Colton didn’t say anything, reaching into his back pocket and snapping his can of Copenhagen before taking a dip.

“One of these days she’ll get tired of this and then she’ll go back home. Everything will work out just fine for her no matter what. It always does. Me, I gotta go crawling back to the padre.”

Dane could feel his lower lip quivering with emotion and stopped talking, knowing if he wasn’t careful he would start crying from rage and hurt.

Colton laughed under his breath, though he glanced at his friend. “Fucking sucks, no doubt.”

“You don’t know the half of it,” Dane said. “If he knew what we were doing tonight he’d probably re-baptize me.”

“You sure they can get the holy water close enough to you without it boiling or something.”

“I just turn it to piss.”

They drove for a time in silence, both of them watching the road. Dane had not spoken to his father in months, not since the last time he had been home. His father had refused to give him any more money, saying that if Dane wanted to continue with the rodeo circuit and the life he was leading on it he could do it on his own with no help from him. It was all Keith’s fault really, he thought. They had grown up together and Keith’s family had gone to his father’s church. When they had first started going to amateur rodeos and the n later on the circuit their parents had insisted that they travel together. They had for a while, but Keith still prayed before each ride. He didn’t chew and he didn’t drink, didn’t chase girls, and Dane did all those things. Soon enough they had fallen out and Keith had informed Dane’s father just what his son was up to on the road.

Several arguments had followed, each time Dane returned home, his father insisting that he give up his ways and Dane refusing. For a time his mother had managed to convince his father to continue to give him some money to help him out when the day money didn’t cover everything, but eventually some final line had been crossed and his father had refused to extend a further hand. He had not even told either of them about Emma, not that it mattered now.

“Yeah, I don’t know how much longer I got man, quite honest,” Colton said.

“Yeah,” Dane said his voice dull.

“Got to grow up sometime, I guess. Dad wants me back home helping out and I don’t know. Can’t really fool myself anymore that I’m going to amount to something doing this.”



Dane glanced down at the gauges and said, “We gotta get gas.”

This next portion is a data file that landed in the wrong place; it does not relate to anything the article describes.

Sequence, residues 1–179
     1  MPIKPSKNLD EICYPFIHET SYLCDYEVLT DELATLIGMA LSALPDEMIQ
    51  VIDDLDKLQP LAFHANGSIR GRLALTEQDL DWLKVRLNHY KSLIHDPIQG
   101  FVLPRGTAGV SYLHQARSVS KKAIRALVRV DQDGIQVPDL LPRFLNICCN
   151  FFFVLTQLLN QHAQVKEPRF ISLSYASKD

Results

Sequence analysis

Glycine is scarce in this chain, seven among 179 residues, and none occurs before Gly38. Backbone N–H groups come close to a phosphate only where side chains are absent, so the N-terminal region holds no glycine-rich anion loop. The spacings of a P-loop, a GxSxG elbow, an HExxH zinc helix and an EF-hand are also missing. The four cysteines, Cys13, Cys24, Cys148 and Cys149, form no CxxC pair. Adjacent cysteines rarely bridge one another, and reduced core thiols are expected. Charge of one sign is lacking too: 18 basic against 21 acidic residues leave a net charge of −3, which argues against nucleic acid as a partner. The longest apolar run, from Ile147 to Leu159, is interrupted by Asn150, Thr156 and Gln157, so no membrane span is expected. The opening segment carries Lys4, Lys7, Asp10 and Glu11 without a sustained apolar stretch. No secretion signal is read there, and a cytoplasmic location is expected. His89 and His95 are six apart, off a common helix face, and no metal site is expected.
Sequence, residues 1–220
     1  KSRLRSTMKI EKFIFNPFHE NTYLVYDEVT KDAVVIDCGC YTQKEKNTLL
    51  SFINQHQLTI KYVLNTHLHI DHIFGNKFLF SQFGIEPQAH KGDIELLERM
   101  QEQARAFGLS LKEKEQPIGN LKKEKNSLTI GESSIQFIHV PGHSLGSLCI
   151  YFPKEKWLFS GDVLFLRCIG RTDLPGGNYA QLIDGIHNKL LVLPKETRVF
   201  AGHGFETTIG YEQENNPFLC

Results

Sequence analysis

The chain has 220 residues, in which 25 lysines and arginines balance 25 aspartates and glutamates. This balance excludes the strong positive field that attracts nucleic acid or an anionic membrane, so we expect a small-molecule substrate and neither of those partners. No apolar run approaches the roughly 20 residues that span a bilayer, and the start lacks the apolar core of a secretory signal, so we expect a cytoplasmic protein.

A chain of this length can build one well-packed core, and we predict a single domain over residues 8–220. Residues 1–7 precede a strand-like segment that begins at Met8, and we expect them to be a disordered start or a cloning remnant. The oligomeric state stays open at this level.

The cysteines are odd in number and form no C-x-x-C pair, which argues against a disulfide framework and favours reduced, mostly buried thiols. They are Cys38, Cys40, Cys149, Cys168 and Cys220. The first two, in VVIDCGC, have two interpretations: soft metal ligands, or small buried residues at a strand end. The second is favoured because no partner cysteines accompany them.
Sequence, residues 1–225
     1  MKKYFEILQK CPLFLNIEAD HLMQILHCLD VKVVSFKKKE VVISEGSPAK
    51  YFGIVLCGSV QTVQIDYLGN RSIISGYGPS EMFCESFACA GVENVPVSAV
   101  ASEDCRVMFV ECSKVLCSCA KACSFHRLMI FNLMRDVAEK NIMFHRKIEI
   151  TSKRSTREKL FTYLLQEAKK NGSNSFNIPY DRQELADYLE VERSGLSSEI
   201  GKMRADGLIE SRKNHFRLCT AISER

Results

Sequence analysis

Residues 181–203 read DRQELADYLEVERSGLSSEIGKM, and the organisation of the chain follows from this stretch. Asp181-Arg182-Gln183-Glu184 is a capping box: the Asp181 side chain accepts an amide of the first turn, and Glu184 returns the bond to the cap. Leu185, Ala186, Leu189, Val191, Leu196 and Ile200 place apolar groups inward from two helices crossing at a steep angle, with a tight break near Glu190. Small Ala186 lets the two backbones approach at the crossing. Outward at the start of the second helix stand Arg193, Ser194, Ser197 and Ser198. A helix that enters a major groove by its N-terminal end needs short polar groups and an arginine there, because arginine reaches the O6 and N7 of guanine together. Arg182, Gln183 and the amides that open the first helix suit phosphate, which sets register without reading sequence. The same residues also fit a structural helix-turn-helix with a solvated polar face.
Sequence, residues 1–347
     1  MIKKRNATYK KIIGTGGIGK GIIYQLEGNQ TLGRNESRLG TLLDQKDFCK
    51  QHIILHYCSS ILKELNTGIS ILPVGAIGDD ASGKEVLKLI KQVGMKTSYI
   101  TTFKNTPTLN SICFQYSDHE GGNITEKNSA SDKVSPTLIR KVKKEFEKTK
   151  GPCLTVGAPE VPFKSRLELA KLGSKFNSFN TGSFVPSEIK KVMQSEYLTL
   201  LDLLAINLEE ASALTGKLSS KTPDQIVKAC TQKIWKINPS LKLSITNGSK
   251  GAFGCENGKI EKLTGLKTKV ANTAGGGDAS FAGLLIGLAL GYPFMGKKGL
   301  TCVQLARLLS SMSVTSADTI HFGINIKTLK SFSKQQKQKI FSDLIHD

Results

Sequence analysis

“There’s that truck stop on the number one. It’ll definitely be open still.”

“Right,” Dane said and at the next intersection he turned left heading west.

from Drifting

An Encounter With A Stranger

My luck did not hold for it never does.

On one such occasion ten of us gathered, with four or five always at a table in our cards, while the rest mingled about talking and drinking. Aside from myself and the generous Don Antonio, there was the treasurer Lope de Alcedo and several friends of his, including one strange looking fellow I had never set eyes upon before. He was dark haired and dark skinned but with the most piercing blue eyes I have ever seen. I sat at the table most of the night, as was my habit, and acquitted myself well, accumulating a generous pile of reales. Several times, especially as I began to take the treasurer’s coin, I caught the stranger gazing at me from the corner of the room when he thought my eyes were on my cards.

I wondered at his interest and, deciding that it could hardly be friendly, I made a great show of getting full in my drink, talking loudly and unsteadily, all the while keeping a careful eye on the man. Fortune stood by me that night and I kept up my winning ways, which led to much dark muttering by Don Lope and the others at the table. This kept on for some time, as we played deep into the night, the others cursing me and their ill luck, the hours growing heavy on everyone’s faces.

My mood, which had been as bright as my fellow players’ had been foul, turned ugly when, after losing a hand, I reached into my purse to pay into the pot and found it lighter than it had been. Though I had no proof, beyond my own native instinct, I immediately turned and locked eyes with the blue eyed stranger. He returned my gaze, the smallest of grins touching his lips. I marveled at his ability to steal up beside me and take the coin right before my eyes where it sat on the table. Had the others noticed? Unlikely, they were all too consumed with me and their own gloom with the play going against them.

I had no sense of when or how he might have pulled his trick. As I have mentioned to you before, all my senses are very keen and on this night, though I had been acting quite the drunkard, I had taken only a cup or two of drink. And yet he had slipped past my guard, stealing right from under my eyes, without my even noticing.

I vowed then, as I paid out my debts and settled into the next hand, that I would not allow him to succeed in his game again. I slipped my dagger out from my belt and kept it in my lap, my left hand clenched around it, within easy reach of my purse on the table before me. And there I kept my eyes, even as I played on through the next hands, never glancing again towards the newcomer, though I knew he was watching me like a falcon studying its prey from afar. I know only too well the charlatan tricks that can be played, the deception of appearances, where one is there and then not there. No fool am I, I recognized a fellow traveler.

When he came next to lighten my purse I was well prepared for him. As he reached out, making a show of passing by the table, I brought my dagger down upon his hand, the blade gouging right through his flesh and lodging itself in the table trapping the stranger there. He let out a yell that quietened the room and I leapt up from chair, snatching my purse from the table, calling him a devil and a thief.

My strategy was poorly thought out though, for he was a friend of Don Lope, the treasurer, as were most of those there that night. My only friend in the place was our host Don Antonio and he did not dare risk his friendship with the treasurer over someone as inconsequential as me, a decision I cannot blame him for. He did step forward and plead for peace, to no effect, as Don Lope and his friends drew their rapiers against me.